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Midwest in the Far East - Math Ed 6

 Forbidden City in China


Beijing, the capital of the People’s Republic of China, is a metropolis with a mixture of glossy skyscrapers and stadiums with historical palaces and temples. The center of the city holds cultural treasures like the Forbidden City and the Temple of Heaven, structures that were created hundreds of years ago. Different districts contain prime examples of Beijing’s modern architecture, like the Bird’s Nest stadium and Water Cube aquatics center from the 2008 Summer Olympics. Receiving a major face-lift for the international sporting event, the city has become more hospitable to foreigners, with additional subway lines and plenty of English-friendly restaurants and stores. This has come at a cost to the 19 million residents though. The government has been replacing residential neighborhoods with new shops and malls. This delicate balance of old and new makes Beijing one of the most distinctive cities in the world.


The Beauty of Beijing

In Beijing, students studied the Chinese firsthand by touring the country’s capital. They visited Tiananmen Square and the Forbidden City, the two biggest destinations in the city. Tour guide David Li brought the study abroad group first to the square, carrying a Packers Super Bowl Championship flag to help students find him in the dense crowds.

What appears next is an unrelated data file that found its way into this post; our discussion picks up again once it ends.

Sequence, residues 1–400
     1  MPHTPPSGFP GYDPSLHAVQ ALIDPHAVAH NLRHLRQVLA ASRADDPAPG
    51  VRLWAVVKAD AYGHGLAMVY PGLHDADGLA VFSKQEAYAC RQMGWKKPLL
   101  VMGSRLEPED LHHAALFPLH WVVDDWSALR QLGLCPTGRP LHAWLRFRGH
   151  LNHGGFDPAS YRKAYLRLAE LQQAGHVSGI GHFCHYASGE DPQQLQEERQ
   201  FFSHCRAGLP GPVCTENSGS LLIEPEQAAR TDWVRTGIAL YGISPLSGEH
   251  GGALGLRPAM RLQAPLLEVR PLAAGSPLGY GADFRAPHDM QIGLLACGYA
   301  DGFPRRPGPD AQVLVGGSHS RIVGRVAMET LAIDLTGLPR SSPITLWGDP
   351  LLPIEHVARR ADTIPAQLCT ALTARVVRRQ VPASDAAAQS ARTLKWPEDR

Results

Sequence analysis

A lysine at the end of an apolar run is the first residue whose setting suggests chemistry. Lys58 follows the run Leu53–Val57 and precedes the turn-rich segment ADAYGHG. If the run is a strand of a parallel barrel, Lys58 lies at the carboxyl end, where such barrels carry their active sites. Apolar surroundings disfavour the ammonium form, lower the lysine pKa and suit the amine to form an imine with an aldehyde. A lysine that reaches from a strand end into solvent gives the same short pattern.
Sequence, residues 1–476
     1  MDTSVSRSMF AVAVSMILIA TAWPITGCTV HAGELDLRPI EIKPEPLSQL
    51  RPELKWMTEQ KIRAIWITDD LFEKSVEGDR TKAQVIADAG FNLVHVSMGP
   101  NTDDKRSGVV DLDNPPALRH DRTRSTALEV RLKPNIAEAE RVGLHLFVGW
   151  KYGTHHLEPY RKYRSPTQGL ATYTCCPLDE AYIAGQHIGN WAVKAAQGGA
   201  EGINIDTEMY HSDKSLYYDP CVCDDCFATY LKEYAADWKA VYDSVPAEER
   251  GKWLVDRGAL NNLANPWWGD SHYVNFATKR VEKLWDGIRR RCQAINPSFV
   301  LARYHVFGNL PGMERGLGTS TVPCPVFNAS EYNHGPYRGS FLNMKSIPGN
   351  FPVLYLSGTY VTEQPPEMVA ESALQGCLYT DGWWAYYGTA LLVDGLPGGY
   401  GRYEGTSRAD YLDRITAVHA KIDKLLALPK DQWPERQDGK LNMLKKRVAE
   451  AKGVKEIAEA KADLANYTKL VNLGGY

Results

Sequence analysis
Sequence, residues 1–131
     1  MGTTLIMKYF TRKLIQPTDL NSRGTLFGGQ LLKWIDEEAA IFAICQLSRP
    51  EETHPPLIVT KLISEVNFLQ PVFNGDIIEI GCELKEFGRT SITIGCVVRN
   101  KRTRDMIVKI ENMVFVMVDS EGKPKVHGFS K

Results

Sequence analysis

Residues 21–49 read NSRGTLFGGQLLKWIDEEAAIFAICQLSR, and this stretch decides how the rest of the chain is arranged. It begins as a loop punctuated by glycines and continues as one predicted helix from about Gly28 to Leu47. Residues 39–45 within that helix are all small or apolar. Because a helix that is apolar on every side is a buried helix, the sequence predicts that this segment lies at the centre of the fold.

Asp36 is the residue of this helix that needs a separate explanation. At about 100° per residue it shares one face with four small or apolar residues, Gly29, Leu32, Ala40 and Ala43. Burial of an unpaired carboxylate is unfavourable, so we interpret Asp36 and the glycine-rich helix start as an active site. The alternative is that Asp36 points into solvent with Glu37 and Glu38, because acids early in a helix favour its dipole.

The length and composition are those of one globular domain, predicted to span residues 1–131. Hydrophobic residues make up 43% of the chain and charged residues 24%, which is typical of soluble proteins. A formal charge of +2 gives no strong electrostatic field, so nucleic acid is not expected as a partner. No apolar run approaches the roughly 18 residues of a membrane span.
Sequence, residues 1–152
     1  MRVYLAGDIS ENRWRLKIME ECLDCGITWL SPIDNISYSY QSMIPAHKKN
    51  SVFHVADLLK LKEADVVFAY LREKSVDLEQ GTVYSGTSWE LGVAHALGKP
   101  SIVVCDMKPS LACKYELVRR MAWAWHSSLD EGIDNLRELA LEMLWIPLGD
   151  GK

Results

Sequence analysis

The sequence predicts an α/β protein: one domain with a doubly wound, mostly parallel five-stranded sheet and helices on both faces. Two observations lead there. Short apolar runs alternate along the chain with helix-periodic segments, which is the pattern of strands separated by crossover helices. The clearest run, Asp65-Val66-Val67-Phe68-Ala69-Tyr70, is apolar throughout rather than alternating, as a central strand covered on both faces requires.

While some snapped photos and posed for pictures, others felt a foreboding feeling as they remembered the bloody protests that took at the square in June 1989.

“I feel like we are standing on hallowed ground,” UW Oshkosh math professor Jen Szydlik said.

Equally as eerie were the dozens of cameras mounted on every single light pole on the square, watching the visitors’ every move.

The study abroad group also explored the vast palaces of the Forbidden City, and played Hacky Sack, paddle ball and lined danced with locals at the Temple of Heaven. Near the end of the three-week trip, the students climbed up the steep stone stairs of the Great Wall of China, where the usually talkative group was rendered speechless by the expanse and beauty of the structure and its surroundings.

Lessons Learned


UWO math education students at the Temple of Heaven in Beijing
Titans at the Temple: UW Oshkosh math education in China students at the Temple of Heaven in Beijing.


On the students’ final night in China, the group gathered for one last banquet meal. Faculty trip leader Kuennen got slightly emotional when he toasted the group. He recounted the early days when the students would cling to him, like a small child to a parent. But now, he said, they’ve left the nest.

“These last few days I’ve felt useless,” he said, adding that the students were now experts in exploring the city by taxi or even by rickshaw without any assistance.

Kuennen, who has led three study abroad trips in the past five years, said his favorite moment in China occurred when a student approached him at one of the temples. The student was so moved by beauty of the sacred grounds that she said to him, “Thank you for bringing me here.”

Kuennen paused, his eyes watering, recounting that moment. “That just touched my heart,” he said. “That’s the reason I do this.”

A few weeks after returning to Oshkosh, the students reminisced about their time in the Far East and what they took away from that experience.

“I learned more than I thought I would. Not only just about math in the classrooms, but I learned about the people there and the culture,” junior Ryan King said. “I’ve known all along that I wanted to be a teacher, but really this experience opened up my eyes the greater things I can do in a classroom … how much of an impact I can have on these kids.”


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